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Public Supports Higher Pay for Teachers

By Cindy Long

Ask Americans what they think of public education and their answers may surprise you.

According to the “2009 Phi Delta Kappa/Gallup Poll of the Public’s Attitudes Toward the Public Schools,” Americans think more money should be spent on early childhood education; they're weary of the No Child Left Behind Act; and they feel inadequate funding is the biggest problem facing our schools.

They’re also in favor of higher starting salaries for public school teachers, to the tune of $43,000, about $7,000 more than the average starting salary of education majors graduating in 2009.

Seven out of 10 respondents also said they’d like a child of theirs to become a public school teacher -- and with higher salaries, it's a lot more likely that they will.

“If we want to attract, retain, and motivate the best and the brightest, we need to raise the starting salaries of teachers to be competitive with other professions,” says Bob Willoughby, Associate Director of Research with the New Jersey Education Association.  “Otherwise we’re not going to raise the standard of teaching and invite a broader spectrum into the field – graduates who might otherwise have thought to become lawyers, doctors, or accountants.”

In states across the country, the public is beginning to recognize that a quality education begins with quality teachers who earn professional pay – even in states with a high number of conservative GOP voters, like Wyoming.

“With an average beginning salary of nearly $43,000 state-wide, Wyoming’s teachers can attest to the sense of professional respect that comes with a fair salary,” says Wyoming Education Association President Kathryn Valido.

Phi Delta Kappa (PDK), an international association of educators, has conducted this survey with Gallup every year since 1969.  According to PDK Executive Director William Bushaw, Americans have consistently shown support and respect for educators.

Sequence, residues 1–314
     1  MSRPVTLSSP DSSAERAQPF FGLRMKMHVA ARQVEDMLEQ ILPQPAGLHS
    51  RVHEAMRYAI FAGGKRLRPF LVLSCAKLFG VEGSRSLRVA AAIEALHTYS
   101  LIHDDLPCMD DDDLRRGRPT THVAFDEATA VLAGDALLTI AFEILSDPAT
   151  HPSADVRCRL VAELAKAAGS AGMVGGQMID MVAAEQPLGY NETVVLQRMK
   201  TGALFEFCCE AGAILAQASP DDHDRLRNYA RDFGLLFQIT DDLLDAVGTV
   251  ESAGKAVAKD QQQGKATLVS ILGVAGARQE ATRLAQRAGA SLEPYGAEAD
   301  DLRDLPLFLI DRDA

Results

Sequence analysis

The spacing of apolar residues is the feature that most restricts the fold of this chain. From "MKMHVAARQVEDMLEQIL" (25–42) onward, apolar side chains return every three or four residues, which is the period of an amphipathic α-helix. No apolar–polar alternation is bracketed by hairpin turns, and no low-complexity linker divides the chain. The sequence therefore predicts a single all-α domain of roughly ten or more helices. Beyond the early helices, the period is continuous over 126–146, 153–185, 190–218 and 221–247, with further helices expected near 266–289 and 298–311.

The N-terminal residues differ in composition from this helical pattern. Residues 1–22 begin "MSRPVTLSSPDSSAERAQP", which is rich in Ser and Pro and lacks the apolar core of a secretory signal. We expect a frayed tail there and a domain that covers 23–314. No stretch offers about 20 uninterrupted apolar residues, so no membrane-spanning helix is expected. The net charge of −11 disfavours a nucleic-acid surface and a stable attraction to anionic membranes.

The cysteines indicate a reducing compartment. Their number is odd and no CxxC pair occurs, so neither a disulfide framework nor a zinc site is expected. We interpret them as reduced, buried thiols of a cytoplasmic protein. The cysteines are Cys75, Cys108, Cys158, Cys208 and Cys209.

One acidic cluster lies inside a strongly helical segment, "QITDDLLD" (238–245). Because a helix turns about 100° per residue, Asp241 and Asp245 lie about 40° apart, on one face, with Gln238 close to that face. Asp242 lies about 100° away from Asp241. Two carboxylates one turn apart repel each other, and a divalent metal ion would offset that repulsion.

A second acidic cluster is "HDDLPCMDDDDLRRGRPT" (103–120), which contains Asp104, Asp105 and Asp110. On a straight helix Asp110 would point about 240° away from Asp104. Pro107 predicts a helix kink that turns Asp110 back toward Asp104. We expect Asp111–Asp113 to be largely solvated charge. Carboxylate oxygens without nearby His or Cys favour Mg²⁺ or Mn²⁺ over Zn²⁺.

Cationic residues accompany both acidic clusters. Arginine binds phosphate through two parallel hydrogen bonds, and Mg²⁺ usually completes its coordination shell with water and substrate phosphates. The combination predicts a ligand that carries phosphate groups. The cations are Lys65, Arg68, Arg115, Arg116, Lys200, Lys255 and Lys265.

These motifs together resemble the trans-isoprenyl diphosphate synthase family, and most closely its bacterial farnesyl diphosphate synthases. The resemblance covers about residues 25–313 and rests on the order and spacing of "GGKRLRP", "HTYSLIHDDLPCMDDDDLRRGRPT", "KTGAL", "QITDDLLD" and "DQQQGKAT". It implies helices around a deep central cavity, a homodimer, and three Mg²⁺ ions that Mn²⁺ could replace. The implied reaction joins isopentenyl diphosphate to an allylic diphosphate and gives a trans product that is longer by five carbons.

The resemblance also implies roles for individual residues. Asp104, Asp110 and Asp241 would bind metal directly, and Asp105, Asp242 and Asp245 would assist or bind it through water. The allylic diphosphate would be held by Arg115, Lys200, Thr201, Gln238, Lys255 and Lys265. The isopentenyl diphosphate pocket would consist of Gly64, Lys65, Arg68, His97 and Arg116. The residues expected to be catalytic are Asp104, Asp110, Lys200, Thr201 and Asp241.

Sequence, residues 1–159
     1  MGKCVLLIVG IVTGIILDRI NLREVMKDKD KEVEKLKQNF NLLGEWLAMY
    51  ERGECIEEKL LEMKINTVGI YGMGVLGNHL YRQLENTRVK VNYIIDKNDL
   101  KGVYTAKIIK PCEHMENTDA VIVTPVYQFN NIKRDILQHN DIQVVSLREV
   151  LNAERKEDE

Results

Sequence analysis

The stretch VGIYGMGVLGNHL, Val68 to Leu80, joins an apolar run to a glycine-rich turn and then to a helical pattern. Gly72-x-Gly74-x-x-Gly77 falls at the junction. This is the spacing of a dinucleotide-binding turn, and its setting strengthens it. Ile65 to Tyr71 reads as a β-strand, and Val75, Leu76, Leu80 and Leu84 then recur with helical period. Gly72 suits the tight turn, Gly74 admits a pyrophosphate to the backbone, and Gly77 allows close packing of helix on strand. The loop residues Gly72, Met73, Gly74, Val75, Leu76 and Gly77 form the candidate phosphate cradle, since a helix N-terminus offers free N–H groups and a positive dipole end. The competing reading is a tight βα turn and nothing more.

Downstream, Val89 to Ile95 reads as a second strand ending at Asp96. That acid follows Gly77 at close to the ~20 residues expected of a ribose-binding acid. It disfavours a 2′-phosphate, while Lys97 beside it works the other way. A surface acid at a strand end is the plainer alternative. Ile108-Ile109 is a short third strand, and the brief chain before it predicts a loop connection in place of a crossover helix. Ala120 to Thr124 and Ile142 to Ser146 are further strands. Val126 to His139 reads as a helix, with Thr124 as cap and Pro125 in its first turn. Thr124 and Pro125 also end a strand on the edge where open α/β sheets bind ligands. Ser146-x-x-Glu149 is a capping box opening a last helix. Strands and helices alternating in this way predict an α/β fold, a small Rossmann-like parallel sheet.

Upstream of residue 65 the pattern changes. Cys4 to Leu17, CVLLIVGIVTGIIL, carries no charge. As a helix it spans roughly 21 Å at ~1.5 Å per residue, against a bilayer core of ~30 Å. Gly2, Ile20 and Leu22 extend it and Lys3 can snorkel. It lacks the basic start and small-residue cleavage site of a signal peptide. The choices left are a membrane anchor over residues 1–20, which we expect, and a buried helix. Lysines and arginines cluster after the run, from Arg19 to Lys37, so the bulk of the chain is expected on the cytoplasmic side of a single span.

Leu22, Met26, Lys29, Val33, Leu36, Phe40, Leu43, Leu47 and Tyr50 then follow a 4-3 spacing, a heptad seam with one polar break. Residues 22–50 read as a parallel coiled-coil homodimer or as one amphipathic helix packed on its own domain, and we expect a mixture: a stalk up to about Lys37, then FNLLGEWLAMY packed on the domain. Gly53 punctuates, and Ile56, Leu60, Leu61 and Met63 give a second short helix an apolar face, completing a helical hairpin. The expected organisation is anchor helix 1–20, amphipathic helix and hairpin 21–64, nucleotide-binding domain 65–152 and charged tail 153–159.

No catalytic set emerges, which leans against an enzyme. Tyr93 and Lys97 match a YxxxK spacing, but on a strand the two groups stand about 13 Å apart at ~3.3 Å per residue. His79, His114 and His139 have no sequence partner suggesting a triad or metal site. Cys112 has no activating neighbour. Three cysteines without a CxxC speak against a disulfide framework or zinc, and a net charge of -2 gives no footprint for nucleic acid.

“I think Americans recognize what an important role teachers play in shaping future generations, and as a result, see the need for increasing teacher salaries,” he says.

Key Findings of the 2009 Poll:

NCLB Fatigue? Americans are growing weary of the No Child Left Behind Act (NCLB). In fact, support for NCLB, which was passed in 2002, continues to decline as almost half of Americans view it unfavorably and only one in four Americans believe
that it has helped schools in their communities.

Split Views on Teacher Tenure. American views are split on teacher tenure depending on how the question is phrased. They disapprove of teachers having a “lifetime contract” but agree that teachers should have a formal legal review before being terminated.

Dropout Rate of Top Importance. Almost nine out of 10 Americans believe that the U.S. high school dropout rate is either the most important or one of the most important problems facing high schools today. Offering more interesting classes was suggested most often when asked what could help reduce the dropout rate.

Support for Required Kindergarten. Americans strongly endorse making either halfday or full-day kindergarten compulsory for all children. Five out of 10 Americans believe preschool programs should be housed in public schools, with parents even more supportive of that idea. This is a significant change from 18 years ago when Americans were evenly divided between public schools, parent workplaces, and special preschool facilities. Almost six out of 10 Americans would be willing to pay more taxes to fund free preschool programs for children whose parents are unable to pay.

Americans Well-Informed by Newspapers.
Almost 75 percent of Americans say they are either well-informed or fairly well-informed about their schools, citing newspapers as their primary source of information about schools, despite the declines in the newspaper industry, and school employees as their secondary source.

Support for Higher Teacher Salaries.
Overall, Americans demonstrate a deep respect for public school teachers, stating that beginning teachers with a bachelor’s degree and teaching certificate should earn an average starting salary of approximately $43,000, a substantial increase over the current average starting salary of $35,300. Additionally, seven out of 10 would like a child of theirs to become a public school teacher, the highest favorable rating in three decades.


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